Knowing the different types of screws can prove very useful. Not only will it help you when picking out screws to use for your project, but it can also help you understand the science of construction a bit better.
Why do some screws work for one project and other screws for another? If you’re an inquisitive type then you have definitely asked yourself a similar question before. Well, today is the day to start learning!
History Of The Screw
The screw was one of the first simple machines that were a combination of other simple machines. It is said that Pythagorean philosopher Archytas of Tarentum from the 5th century BC is the inventor of the screw.
However, the water screw was invented by Archimedes two centuries later. It likely wasn’t until the dawning of AD that a screw that we would recognize today was used. The first screws in this case were wooden.
But still, two thousand years is a long time for a simple machine to develop and a long time for it to be in use. Since then, we have had substantial progression but the screw has remained all but the same.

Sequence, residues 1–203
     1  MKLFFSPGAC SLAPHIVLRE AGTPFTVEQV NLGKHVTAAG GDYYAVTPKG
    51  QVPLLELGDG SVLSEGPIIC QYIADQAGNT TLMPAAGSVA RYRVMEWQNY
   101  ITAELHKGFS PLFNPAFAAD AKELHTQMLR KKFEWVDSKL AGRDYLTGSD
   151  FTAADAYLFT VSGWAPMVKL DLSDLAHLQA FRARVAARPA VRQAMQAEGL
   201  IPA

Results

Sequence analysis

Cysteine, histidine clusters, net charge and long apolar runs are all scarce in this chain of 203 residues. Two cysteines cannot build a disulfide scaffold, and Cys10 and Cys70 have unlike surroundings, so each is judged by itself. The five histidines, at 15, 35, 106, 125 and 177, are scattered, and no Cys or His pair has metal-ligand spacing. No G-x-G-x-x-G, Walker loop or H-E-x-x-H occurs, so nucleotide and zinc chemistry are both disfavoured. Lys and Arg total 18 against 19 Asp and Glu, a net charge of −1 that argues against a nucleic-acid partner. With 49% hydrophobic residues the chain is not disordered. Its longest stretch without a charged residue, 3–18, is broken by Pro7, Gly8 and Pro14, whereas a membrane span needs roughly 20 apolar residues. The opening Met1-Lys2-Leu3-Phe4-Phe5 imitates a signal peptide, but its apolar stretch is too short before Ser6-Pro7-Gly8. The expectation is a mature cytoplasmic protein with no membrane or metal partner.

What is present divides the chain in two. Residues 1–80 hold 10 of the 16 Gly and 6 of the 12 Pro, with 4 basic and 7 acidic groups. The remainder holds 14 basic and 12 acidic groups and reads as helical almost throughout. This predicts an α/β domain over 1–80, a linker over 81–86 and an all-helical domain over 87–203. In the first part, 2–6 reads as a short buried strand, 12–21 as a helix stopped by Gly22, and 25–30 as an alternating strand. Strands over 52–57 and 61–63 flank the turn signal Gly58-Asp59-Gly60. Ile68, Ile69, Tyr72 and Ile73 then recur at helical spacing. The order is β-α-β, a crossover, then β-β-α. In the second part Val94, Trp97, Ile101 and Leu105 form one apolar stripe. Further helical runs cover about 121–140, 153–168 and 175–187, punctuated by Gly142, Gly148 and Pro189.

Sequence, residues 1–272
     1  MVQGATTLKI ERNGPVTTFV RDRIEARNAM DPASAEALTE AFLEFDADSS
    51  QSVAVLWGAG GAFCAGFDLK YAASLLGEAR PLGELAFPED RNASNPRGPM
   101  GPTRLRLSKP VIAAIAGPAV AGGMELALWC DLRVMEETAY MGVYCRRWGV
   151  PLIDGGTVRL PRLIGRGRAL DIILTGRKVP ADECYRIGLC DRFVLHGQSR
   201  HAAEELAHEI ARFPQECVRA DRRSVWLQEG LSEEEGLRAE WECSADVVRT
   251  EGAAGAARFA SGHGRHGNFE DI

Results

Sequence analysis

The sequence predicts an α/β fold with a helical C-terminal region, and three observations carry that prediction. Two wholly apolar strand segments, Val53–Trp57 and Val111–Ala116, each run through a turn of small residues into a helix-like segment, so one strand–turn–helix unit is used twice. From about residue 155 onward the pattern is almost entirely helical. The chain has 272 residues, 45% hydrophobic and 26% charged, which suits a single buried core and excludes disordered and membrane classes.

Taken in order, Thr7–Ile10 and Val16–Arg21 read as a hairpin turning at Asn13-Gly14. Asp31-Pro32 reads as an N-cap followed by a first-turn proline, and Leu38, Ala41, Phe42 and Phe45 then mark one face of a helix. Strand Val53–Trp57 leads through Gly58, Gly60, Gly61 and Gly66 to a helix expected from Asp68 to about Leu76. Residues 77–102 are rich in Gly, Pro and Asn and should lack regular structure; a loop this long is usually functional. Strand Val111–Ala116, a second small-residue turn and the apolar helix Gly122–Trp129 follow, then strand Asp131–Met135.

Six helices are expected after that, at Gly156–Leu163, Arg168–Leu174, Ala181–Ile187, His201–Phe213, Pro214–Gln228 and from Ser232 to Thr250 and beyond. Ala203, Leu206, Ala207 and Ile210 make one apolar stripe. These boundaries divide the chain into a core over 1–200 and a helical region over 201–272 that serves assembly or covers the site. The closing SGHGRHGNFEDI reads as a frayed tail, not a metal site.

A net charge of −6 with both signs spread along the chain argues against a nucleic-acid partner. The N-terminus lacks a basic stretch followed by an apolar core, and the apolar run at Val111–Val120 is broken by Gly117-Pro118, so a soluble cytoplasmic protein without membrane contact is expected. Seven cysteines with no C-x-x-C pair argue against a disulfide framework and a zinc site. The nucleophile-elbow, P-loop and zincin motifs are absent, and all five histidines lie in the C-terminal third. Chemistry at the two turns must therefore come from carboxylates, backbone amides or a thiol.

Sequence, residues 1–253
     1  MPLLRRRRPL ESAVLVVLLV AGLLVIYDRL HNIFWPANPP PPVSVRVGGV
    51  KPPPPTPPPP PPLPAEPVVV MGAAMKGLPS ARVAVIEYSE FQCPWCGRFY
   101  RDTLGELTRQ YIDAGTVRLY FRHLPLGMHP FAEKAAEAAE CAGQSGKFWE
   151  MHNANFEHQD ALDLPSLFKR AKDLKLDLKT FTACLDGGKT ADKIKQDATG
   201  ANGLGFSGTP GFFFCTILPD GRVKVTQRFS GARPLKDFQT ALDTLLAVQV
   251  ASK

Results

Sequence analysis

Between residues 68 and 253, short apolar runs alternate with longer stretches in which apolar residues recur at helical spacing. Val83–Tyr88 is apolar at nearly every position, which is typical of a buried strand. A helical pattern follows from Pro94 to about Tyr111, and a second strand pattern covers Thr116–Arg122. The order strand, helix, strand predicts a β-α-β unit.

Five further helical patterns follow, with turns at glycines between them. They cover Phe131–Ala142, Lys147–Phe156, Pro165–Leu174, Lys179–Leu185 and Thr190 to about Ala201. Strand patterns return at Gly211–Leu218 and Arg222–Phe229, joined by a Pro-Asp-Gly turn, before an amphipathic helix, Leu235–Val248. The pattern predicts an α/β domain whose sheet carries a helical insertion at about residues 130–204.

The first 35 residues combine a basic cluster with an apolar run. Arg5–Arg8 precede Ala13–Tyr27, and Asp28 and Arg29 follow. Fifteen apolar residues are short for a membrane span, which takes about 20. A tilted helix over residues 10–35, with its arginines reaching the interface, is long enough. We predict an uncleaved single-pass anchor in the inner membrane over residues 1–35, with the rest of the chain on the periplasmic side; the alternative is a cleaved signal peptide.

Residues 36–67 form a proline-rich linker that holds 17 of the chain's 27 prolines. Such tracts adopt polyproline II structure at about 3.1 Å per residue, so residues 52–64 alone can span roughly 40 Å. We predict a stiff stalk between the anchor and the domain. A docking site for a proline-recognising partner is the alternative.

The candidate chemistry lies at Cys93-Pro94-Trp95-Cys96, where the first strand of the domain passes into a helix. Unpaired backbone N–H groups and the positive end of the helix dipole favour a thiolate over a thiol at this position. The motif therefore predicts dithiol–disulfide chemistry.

Screws Vs. Bolts
Screws and bolts are often confused for one another but the difference is quite easy to spot. A bolt is a non-tapered fastener and almost always comes with a washer and nut to secure it to the structure.
Whereas a screw is tapered and can secure a structure without any help. It has a sharp point as well so it can dig into objects that a bolt cannot. Bolts usually need holes drilled into the object before they are bolted in.
A nut is a type of fastener that serves no purpose unless used with a bolt. The nut is a ring-shaped piece of metal that screws onto the underside of the bolt to secure it to an item. Nuts aren’t used if the bottom of the bolt is hidden.
Washers are flat discs with holes in the center that work to secure the washer and help with weight distribution. While they aren’t always completely necessary it is recommended to use washers when you use bolts.
Types Of Screws by Purpose